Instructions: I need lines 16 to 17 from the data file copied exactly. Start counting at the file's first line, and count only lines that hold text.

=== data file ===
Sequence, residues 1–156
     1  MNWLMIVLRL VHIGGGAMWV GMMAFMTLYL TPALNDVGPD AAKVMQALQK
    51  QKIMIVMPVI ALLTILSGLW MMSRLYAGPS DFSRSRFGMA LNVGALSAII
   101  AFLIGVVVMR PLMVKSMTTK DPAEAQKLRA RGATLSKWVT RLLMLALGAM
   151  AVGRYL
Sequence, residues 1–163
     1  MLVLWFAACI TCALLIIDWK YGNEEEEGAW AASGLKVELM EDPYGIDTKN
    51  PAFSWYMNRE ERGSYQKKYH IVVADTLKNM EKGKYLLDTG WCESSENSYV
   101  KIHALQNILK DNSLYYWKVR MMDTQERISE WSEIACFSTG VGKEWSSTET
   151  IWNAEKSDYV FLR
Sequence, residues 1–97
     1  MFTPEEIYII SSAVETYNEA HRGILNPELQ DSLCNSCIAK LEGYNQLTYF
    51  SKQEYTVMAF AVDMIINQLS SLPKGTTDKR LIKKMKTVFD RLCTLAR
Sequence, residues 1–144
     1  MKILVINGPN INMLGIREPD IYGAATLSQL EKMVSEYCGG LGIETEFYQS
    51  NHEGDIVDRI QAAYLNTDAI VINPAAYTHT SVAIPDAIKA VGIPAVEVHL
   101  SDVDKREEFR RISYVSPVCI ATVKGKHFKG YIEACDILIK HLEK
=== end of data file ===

    51  NHEGDIVDRI QAAYLNTDAI VINPAAYTHT SVAIPDAIKA VGIPAVEVHL
   101  SDVDKREEFR RISYVSPVCI ATVKGKHFKG YIEACDILIK HLEK